do capoeira, Like he said, it depends on how much time you devote to it, but it’s an individual thing.… But when learning capoeira, you must learn all—the language, the culture. You have to be part of the culture to truly be called capoeirista. But anyone can become capoeirista. Capoeira is for everyone. Q: What is your hope for capoeira for the future?

Vieira: Mestre Grande says, it depends who teach the generations. It’s like a tree. If you treat the tree right from the very beginning, definitely that tree will give good fruits. I say we’re all capoeiristas. We have a moral obligation with our ancestors to continue this art and pass it on to the next generation, so the next generation keep passing it on and on and keep it pure, like they just said. You have to keep pure. My dream is one day to see the whole world ginga (rock back and forth, a basic movement of capoiera), but ginga the right way. Because nothing promotes Portuguese more than capoeira does. I’d say 90% of capoeiristas in the world speak Portuguese. Here to Mestre Grande’s class, they all speak Portuguese. You learn Portuguese. You learn the music. You’re hooked to capoeira… I was surprised when I came here. I came here to see Mestre Grande, and I run into Mestre Carioca and Bom Jesus. I hadn’t seen them for awhile. I’ve been kidding them saying they’re like the equator. You know the equator line is there, but you don’t see it. To see them was great. And seeing the kids was really a great feeling, seeing that capoeira is catching on with this new generation. Seeing them getting to them know Mestre Grande, getting his blessing, it really made my day. 31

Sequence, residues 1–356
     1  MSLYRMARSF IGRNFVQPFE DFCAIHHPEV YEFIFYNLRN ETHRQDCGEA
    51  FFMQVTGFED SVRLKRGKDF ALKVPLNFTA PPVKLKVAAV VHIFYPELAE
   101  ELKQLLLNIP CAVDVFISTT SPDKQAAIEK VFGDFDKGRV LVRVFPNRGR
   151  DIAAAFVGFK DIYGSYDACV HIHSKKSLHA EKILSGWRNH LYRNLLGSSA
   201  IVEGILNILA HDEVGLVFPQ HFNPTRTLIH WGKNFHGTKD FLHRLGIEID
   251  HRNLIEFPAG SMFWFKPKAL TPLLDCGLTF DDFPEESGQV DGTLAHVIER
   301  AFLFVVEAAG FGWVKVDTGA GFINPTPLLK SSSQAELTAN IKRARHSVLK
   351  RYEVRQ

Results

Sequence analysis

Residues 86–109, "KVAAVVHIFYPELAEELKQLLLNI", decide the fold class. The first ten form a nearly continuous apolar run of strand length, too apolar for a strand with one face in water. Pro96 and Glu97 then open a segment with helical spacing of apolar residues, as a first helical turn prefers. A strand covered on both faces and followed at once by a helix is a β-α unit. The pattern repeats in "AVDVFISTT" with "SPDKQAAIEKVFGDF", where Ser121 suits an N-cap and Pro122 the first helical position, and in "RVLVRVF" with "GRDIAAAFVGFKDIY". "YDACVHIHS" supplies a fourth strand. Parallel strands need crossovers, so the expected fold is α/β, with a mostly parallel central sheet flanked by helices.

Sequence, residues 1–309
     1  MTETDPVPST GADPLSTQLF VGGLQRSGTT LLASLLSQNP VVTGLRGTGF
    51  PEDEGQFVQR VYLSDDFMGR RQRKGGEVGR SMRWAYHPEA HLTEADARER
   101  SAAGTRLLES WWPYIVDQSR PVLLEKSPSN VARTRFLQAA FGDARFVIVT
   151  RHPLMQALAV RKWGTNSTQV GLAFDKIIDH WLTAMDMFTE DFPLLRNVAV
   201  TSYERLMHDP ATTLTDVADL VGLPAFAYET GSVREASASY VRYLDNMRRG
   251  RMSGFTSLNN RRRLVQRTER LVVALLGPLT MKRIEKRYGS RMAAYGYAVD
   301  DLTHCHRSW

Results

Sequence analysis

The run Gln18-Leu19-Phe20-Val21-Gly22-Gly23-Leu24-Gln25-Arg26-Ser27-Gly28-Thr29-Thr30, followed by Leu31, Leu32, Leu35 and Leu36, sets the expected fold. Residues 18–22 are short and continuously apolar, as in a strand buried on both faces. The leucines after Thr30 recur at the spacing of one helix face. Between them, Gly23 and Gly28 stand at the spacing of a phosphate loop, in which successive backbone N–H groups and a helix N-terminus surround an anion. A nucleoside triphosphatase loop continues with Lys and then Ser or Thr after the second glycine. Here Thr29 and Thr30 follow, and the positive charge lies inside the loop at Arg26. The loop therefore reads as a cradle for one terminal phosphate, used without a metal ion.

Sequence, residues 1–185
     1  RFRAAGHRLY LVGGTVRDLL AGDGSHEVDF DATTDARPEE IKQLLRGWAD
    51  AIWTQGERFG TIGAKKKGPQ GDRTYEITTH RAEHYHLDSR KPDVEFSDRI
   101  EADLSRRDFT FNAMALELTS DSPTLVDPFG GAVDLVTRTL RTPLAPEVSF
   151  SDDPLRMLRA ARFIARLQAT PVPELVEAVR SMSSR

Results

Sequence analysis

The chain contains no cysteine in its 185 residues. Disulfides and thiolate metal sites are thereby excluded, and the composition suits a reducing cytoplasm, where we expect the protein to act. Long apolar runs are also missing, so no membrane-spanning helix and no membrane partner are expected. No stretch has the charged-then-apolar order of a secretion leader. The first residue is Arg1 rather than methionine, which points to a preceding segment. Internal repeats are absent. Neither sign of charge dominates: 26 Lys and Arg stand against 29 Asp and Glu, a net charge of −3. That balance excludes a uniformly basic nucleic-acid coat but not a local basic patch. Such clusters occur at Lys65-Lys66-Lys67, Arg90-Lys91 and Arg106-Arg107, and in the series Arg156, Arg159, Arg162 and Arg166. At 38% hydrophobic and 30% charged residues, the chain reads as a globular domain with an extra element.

School Programs Be My Guest: Folk Artists and Community Guests in Classrooms continued from page 27

Where to Find Community Guests Part of the work of City Lore’s artist residency planning process is to identify resources to support students’ learning and to inspire their art making. We work with teachers and teaching artists to plan fieldtrips to city institutions and community sites as well as to identify potential guests to bring into the classroom or to host a visit with students at their home or workplace. Here are some suggestions for selecting and finding potential guests: Start with whom you know We begin with our personal contacts. Often our artists visit each other’s residency programs as guests. For a residency to create Chinese lanterns decorated with paintings of family stories, teaching artist George Zavala invited Lu Yu, who teaches dance-theater, to show examples of traditional lanterns and to talk about the Chinese lantern festival. Survey students, parents and school staff Describe the residency program and ask if they or someone they know would be interested in sharing their skills, knowledge, or experiences with students. For a residency on regional Mexican dance, for example, we invited a Mexican chef, a parent of a child in the class, to demonstrate how to prepare regional dishes and to discuss cultural influences. Explore your community Contact organizations and businesses that serve artists and ethnic communities in your community, such as religious and social service organizations, arts councils, galleries and museums, restaurants, libraries, historical societies, music and video stores, book stores and local libraries, community festivals, and arts and crafts markets. Many of these organizations have community bulletin boards and newsletters, where you can post an inquiry as well as find potential contacts. Use social media to post an inquiry about the kind of guest you’re looking for. 32